4 tax-saving schemes directors need to know
Updated: 11 hours ago
Four legitimate schemes that won’t land you in hot water with HMRC, but which let you extract £20,870 from your company tax-free (updated for 21/22).
1. TRIVIAL BENEFITS
You don’t pay tax on a benefit for an employee if all of the following apply:
It costs £50 or less to provide (over £50, the whole lot is taxed)
It isn’t cash or a cash voucher
It isn’t a reward for work or performance
It isn’t in the terms of their contract (i.e. there’s no expectation of getting it).
If you’re a director of a closed company you can treat yourself too! (A closed company has 5 or fewer shareholders). Every little helps, so we recommend directors do this.....
Claim non-monetary items of up to £50 during the year
Make sure these 'trivial benefits' meet the conditions above
Don’t spend more than £300 per director in a tax year - there is a cap for directors
Record these as a an expense in the accounts
Use a company card because personal expenses don't count unless the receipt is in the company name.
HMRC don't need you to tell them about these trivial benefits so long as the conditions are met. Better still, they don’t count towards taxable income so you/your employee(s) don’t pay any tax on them, and your company can claim corporation tax relief on the cost.
£8,840 is the maximum payment possible without paying Income Tax, Employer or Employee National Insurance Contributions. An added benefit is that whilst no National Insurance payment is made, you will still get a National Insurance 'credit' which means that the year counts as a qualifying year for the state pension.
3. DIRECTOR'S LOAN INTEREST
If your company owes you money, you can charge interest (at a rate in line with commercial unsecured loans). For any year that the company can’t pay the interest, you can accrue it but it’s only tax deductible for your company when it’s actually paid.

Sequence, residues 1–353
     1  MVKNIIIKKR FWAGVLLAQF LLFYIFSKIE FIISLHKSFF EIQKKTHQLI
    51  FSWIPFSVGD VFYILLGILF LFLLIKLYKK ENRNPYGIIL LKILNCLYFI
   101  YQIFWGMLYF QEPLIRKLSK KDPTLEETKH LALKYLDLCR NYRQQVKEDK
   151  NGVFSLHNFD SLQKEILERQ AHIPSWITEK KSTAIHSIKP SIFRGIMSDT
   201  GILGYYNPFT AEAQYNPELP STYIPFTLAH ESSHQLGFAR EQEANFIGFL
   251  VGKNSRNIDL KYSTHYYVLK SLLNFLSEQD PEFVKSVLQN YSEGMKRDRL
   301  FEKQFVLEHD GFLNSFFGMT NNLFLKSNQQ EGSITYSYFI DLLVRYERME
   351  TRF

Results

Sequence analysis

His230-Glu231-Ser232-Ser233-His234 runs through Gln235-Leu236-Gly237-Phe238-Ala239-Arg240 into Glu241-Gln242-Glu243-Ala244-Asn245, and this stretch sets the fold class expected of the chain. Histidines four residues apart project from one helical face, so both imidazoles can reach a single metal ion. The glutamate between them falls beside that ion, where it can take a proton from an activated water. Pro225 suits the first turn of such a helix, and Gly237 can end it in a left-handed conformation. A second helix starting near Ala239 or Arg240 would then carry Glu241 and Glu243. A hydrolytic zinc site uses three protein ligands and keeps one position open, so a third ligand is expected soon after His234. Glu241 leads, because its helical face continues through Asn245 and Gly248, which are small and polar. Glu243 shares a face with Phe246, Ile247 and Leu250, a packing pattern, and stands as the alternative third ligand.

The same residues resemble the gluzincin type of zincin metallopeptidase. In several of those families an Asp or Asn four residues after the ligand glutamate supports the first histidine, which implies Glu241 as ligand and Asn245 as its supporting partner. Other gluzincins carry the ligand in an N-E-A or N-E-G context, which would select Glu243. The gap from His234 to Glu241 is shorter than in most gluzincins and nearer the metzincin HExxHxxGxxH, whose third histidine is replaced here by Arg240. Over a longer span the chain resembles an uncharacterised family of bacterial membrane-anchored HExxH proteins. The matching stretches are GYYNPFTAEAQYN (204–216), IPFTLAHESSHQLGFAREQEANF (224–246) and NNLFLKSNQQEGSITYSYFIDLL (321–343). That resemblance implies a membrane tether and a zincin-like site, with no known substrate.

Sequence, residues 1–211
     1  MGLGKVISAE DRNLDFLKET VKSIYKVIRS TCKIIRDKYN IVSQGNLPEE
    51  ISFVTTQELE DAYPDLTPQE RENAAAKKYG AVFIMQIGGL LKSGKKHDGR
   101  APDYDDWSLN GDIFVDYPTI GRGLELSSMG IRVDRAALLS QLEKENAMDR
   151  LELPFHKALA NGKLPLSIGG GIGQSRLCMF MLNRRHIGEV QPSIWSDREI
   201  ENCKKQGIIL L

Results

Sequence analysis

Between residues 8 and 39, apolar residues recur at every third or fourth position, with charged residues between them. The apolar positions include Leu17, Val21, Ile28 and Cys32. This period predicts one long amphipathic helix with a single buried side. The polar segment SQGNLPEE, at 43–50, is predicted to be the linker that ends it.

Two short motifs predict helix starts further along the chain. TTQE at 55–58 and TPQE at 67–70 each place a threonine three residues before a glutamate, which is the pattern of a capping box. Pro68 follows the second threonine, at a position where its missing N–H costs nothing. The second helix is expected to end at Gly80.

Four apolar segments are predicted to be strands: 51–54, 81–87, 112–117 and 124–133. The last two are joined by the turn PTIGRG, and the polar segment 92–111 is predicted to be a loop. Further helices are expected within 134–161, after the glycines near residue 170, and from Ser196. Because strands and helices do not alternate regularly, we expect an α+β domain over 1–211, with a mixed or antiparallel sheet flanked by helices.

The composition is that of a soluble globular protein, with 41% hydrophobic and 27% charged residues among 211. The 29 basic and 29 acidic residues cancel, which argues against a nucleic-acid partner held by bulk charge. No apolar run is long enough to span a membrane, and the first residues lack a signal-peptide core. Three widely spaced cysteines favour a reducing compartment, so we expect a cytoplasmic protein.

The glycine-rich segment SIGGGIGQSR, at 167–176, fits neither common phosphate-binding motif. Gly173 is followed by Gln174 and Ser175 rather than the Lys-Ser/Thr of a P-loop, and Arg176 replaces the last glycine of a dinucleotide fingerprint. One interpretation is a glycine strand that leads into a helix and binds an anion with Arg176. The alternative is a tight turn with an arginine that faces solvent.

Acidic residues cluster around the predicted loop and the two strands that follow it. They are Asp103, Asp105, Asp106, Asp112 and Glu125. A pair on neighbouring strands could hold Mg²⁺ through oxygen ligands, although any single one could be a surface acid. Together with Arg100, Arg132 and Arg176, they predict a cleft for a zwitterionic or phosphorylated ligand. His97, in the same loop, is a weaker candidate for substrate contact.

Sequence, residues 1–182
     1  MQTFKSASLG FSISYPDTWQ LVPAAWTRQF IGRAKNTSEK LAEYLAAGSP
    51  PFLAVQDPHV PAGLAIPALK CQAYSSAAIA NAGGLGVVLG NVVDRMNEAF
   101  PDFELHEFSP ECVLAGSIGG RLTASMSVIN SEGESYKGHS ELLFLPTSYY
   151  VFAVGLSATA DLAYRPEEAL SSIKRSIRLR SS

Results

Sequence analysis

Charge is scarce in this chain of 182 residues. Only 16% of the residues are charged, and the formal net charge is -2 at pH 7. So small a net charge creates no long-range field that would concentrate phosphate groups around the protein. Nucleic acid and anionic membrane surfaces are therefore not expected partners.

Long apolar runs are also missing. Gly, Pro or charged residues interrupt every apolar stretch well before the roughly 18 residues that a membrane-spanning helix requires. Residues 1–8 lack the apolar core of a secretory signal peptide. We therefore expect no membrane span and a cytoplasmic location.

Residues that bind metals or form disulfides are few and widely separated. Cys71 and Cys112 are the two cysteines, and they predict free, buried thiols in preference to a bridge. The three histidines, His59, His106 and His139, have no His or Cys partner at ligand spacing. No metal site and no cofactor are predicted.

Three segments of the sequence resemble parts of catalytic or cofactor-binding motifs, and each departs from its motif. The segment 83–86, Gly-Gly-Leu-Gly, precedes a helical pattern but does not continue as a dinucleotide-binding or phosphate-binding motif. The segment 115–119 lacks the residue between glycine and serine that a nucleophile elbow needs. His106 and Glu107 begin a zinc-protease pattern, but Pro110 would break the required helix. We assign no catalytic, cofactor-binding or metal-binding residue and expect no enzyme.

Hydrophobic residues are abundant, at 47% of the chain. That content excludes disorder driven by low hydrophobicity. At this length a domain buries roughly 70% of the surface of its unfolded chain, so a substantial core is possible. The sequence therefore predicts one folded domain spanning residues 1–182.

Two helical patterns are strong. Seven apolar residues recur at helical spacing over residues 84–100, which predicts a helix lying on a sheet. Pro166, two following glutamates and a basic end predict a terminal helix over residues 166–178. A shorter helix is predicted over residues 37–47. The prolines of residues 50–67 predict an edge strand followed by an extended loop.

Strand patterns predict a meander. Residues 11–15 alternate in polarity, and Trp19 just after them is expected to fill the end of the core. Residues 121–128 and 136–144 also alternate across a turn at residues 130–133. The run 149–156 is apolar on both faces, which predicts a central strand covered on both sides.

Personal Allowance: If you have not used up the full £12,570 tax-free Personal Tax Allowance, the company can pay you interest on your Director’s loan without you incurring income tax - so long as the payment plus all other income is under the Personal Allowance.
Starting Rate for Savings: If you receive non-savings income under £17,570, then you can earn up to £5,000 tax-free per year in savings income (e.g. interest payments). For every £1 of income over the Personal Allowance of £12,570, the £5,000 allowance reduces by £1.
Personal Savings Allowance: If you are a basic or higher rate tax paper you can use the Personal Savings Allowance to receive tax-free interest payments - up to £1,000 for basic rate or £500 for higher-rate tax-payers.
There are some downsides, the main one being that Form CT61 needs to be completed to inform HMRC and your company has to deduct basic rate tax from the gross interest payment and pay that to HMRC by the deadline. You can claim this back via the self-assessment return, or via R40.
Dividends are payments to shareholders from the profits of a company after Corporation Tax It is a tax-efficient way for a director to extract money from a company, but it can only be paid if there is enough profit after Corporation tax to cover the dividend payment (which needs to be made to all shareholders).
The company doesn’t pay tax on the Dividend payment itself, but the shareholders have to declare it on their Self Assessment returns. There is no personal tax to pay on Dividend payments under £2000. Dividends above the £2,000 tax-free Dividend Allowance are taxed as follows:
7% Basic Rate tax-payers (income up to £37,500)
32.5% Higher Rate tax-payers (income from £37,501 - £150,000)
38.1% Additional Rate tax-payers (income over £150,000)
How to provide tax-free renumeration of £20,870 by making use of legitimate allowances:
£300 Trivial Benefits
£8840 Salary (Seconday earnings threshold)
£3730 Interest on Director's loan (using remaining personal tax-free allowance)
£5000 Interest on Director's loan (using Starting rate band for savings)
£1000 Interest on Director's loan (using Personal savings tax-free allowance)
£2000 Dividend payment (using Dividend tax-free allowance)
£20870 Total renumeration
£0 Tax paid by Director
£3585 Tax saved by Company (all payments, except Dividend, are tax deductible
If you don't have a director's loan that is big enough to generate such a large interest payment, then it is worth considering a larger salary payment to use the full £12,570 Personal Allowance – there will be a small Employer’s NIC to pay, but also a small reduction in Corporation Tax liability
Limited companies can make pension contributions for directors. The pension rules are complex and advice should always be sought, but in very broad terms, the contribution (when it is paid by the company) is corporation tax deductible and, assuming the contribution falls within the person’s available pension allowance, it will not be taxed on the individual until such time as they draw it out of the pension.
Even then the individual, under current rules, has the opportunity to draw out 25% of their pension fund completely free of tax (in most cases).
A final word: Always talk to an accountant who can advise you on the best approach for your specific circumstances.
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